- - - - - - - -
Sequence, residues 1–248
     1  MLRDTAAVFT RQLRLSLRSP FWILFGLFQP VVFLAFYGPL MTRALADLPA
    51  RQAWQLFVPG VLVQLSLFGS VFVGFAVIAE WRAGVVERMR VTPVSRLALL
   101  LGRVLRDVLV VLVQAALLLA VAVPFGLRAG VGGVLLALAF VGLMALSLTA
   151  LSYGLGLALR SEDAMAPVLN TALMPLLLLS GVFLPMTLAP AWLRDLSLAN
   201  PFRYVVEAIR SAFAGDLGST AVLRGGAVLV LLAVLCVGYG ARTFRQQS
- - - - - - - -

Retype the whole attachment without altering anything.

Sequence, residues 1–248
     1  MLRDTAAVFT RQLRLSLRSP FWILFGLFQP VVFLAFYGPL MTRALADLPA
    51  RQAWQLFVPG VLVQLSLFGS VFVGFAVIAE WRAGVVERMR VTPVSRLALL
   101  LGRVLRDVLV VLVQAALLLA VAVPFGLRAG VGGVLLALAF VGLMALSLTA
   151  LSYGLGLALR SEDAMAPVLN TALMPLLLLS GVFLPMTLAP AWLRDLSLAN
   201  PFRYVVEAIR SAFAGDLGST AVLRGGAVLV LLAVLCVGYG ARTFRQQS